## Nominal Ordinal Interval Ratio & Cardinal: Examples

Contents:

## 1. Nominal

Nominal: nominal is from the Latin

nomalis, which means “pertaining to names”. It’s another name for acategory.

**Examples**:

**Gender**: Male, Female, Other.**Hair Color**: Brown, Black, Blonde, Red, Other.**Type of living accommodation**: House, Apartment, Trailer, Other.**Genotype**: Bb, bb, BB, bB.**Religious preference**: Buddhist, Mormon, Muslim, Jewish, Christian, Other.

A **nominal variable** is another name for a categorical variable. Nominal variables have two or more categories without having any kind of natural order. they are variables with no numeric value, such as occupation or political party affiliation. Another way of thinking about nominal variables is that they are **named **(nominal is from Latin *nominalis*, meaning *pertaining to names*).

**Nominal variables:**

- Cannot be quantified. In other words, you can’t perform arithmetic operations on them, like addition or subtraction, or logical operations like “equal to” or “greater than” on them.
- Cannot be assigned any order.

## Examples of Nominal Variables

- Gender (Male, Female, Transgender).
- Eye color (Blue, Green, Brown, Hazel).
- Type of house (Bungalow, Duplex, Ranch).
- Type of pet (Dog, Cat, Rodent, Fish, Bird).
- Genotype ( AA, Aa, or aa).

Nominal variables are related to the **nominal scale**, where data is categorized without any order.

## The Nominal Scale

The nominal scale, sometimes called the* qualitative type*, places non-numerical data into **categories or classifications**. For example:

- Placing cats into breed type. Example: a Persian is a breed of cat.
- Putting cities into states. Example: Jacksonville is a city in Florida.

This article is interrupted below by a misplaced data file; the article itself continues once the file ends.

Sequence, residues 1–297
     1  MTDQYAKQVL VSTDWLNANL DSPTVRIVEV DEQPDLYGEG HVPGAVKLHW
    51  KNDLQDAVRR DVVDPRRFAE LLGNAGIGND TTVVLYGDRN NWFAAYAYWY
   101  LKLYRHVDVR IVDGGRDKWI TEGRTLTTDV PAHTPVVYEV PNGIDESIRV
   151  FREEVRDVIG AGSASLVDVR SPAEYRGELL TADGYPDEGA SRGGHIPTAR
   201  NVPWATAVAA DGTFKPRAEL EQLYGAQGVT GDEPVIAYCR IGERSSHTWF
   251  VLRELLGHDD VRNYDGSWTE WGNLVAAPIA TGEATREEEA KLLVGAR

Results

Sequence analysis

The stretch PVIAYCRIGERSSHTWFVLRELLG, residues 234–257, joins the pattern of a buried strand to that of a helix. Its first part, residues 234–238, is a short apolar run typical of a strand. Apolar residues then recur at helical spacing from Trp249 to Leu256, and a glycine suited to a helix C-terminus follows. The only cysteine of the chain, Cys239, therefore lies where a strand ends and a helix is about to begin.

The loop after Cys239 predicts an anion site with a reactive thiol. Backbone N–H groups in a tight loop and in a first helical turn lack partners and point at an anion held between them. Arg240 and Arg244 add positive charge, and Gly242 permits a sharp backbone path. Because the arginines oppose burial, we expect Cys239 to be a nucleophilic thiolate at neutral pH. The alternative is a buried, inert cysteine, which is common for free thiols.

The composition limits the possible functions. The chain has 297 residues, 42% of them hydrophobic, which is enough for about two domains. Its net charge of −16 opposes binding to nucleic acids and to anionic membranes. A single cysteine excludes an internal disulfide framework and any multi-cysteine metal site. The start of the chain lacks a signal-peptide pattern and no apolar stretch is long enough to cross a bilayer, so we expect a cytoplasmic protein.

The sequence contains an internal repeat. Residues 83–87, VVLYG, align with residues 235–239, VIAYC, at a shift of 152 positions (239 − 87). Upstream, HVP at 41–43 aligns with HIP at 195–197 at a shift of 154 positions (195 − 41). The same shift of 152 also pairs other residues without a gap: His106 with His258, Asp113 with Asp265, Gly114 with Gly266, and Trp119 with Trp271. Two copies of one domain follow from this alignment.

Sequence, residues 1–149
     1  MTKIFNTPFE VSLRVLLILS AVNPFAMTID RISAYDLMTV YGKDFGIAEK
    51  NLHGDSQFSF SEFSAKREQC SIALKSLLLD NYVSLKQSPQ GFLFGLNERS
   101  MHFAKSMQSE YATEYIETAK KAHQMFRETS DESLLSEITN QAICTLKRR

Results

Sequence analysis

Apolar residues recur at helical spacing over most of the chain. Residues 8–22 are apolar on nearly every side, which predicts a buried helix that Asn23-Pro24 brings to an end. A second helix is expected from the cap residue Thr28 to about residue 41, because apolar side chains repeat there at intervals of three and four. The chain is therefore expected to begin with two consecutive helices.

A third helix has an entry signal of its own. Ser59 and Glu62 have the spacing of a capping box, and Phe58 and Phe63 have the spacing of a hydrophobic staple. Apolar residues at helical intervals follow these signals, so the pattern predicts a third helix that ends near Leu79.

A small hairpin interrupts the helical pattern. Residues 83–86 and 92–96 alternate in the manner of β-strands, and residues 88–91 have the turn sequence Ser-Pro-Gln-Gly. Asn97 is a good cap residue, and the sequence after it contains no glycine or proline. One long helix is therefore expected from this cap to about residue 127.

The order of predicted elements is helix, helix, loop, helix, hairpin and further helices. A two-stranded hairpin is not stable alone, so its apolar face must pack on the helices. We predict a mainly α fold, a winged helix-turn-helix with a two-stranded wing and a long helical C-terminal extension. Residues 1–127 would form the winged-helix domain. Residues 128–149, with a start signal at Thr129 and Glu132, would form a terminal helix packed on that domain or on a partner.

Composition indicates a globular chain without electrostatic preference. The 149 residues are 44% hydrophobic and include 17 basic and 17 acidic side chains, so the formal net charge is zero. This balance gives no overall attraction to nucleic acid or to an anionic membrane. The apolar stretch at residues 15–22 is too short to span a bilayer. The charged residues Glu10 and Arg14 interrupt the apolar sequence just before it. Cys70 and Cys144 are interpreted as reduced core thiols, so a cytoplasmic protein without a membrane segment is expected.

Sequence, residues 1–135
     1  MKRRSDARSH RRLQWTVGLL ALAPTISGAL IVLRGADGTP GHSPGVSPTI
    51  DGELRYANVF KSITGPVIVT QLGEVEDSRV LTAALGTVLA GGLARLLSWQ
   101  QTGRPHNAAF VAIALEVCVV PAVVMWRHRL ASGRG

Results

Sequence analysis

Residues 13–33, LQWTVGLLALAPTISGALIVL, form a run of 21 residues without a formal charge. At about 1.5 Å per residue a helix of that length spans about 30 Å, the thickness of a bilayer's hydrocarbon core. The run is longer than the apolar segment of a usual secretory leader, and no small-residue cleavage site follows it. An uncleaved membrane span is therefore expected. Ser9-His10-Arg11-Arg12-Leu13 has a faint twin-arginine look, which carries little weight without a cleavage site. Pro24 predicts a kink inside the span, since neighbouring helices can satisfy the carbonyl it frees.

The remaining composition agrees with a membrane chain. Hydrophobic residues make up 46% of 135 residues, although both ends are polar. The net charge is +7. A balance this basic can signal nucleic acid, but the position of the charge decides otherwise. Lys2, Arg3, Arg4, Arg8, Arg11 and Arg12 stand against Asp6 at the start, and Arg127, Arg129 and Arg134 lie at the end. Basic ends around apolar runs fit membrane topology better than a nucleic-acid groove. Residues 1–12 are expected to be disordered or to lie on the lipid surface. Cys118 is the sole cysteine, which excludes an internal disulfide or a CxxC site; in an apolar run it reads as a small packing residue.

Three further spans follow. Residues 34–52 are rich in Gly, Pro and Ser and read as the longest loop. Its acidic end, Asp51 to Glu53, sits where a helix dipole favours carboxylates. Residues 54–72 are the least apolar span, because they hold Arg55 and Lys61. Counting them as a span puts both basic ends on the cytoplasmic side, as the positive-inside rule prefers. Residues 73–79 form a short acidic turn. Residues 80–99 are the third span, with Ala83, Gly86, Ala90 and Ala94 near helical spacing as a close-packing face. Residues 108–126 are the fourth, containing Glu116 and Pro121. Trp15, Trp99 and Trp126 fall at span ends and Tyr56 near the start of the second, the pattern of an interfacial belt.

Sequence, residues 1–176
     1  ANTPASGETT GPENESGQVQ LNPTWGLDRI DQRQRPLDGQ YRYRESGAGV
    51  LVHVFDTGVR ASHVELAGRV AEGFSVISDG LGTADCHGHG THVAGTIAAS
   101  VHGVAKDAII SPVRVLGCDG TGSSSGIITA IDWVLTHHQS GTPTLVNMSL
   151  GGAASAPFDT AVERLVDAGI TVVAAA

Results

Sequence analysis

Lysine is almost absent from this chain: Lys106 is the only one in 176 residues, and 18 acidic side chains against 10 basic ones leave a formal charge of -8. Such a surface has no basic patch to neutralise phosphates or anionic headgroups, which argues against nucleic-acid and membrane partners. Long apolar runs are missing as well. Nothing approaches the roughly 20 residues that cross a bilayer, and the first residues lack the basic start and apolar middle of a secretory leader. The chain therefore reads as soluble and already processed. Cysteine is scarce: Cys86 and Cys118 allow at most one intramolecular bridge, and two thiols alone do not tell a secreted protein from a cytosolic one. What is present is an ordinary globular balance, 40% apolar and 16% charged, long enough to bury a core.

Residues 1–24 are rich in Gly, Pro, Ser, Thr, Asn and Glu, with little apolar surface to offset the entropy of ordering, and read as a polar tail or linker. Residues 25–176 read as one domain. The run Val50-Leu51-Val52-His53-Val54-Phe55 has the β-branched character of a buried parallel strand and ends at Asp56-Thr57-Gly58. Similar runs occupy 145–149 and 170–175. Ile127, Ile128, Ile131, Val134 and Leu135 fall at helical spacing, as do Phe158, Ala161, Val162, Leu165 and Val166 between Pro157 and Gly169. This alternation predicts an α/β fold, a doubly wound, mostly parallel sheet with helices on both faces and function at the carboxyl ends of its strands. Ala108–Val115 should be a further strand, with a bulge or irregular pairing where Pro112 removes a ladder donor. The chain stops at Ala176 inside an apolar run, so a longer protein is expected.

- Surveying people to find out if men or women have higher self-esteem.
- Finding out if introverts or extroverts are more likely to be philanthropic.

These pieces of information aren’t numerical. They are assigned a **category** (breeds of cat, cities in Florida, men and women, introvert and extrovert). Qualitative variables are measured on the nominal scale.

## Mean Mode and Median for the Nominal Scale

The nominal scale uses categories, so **finding the median makes no sense**. You *could* put the items in alphabetical order but even then, the middle item would have no meaning as a median. However, a mode (the most frequent item in the set) is possible. For example, if you were to survey a group of random people and ask them what the most romantic city in the World is, Venice or Paris might be the most common response (the mode).

The nominal scale is one of **four scales of measurement**. The other three are:

- The
**Ordinal Scale**: Rank order (1st, 2nd 3rd), dichotomous data that has two choices like true/false or guilty/innocent and non-dichotomous data with choices like “completely agree” “somewhat agree” “neutral” and “disagree.” - The
**Interval Scale**, sometimes called*Scaled Variable*: data with degrees of difference like time B.C. or Celsius. Interval scales have arbitrary zeros (for example, when B.C. began and ended has no real mathematical basis). - The
**Ratio Scale**: encompasses most measurements in physics and engineering like mass and energy. Ratio scales have meaningful zeros (zero energy means that energy does not exist).

The four scales were suggested by Stanley Smith Stevens in a 1946 Science article titled “On the Theory of Scales of Measurement.”

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## 2. Ordinal

Ordinal: meansin order. Includes “First,” “second” and “ninety ninth.”

**Examples**:

**High school class ranking**: 1st, 9th, 87th…**Socioeconomic status**: poor, middle class, rich.- The
**Likert Scale**: strongly disagree, disagree, neutral, agree, strongly agree. **Level of Agreement**: yes, maybe, no.**Time of Day:**dawn, morning, noon, afternoon, evening, night.**Political Orientation:**left, center, right.

Ordinal data is made up of ordinal variables. In other words, if you have a list that can be placed in “first, second, third…” order, you have ordinal data. It

*sounds*simple, but there are a couple of elements that can be confusing:

- You don’t have to have the exact words “first, second, third….” Instead, you can have different rating scales, like “Hot, hotter, hottest” or “Agree, strongly agree, disagree.”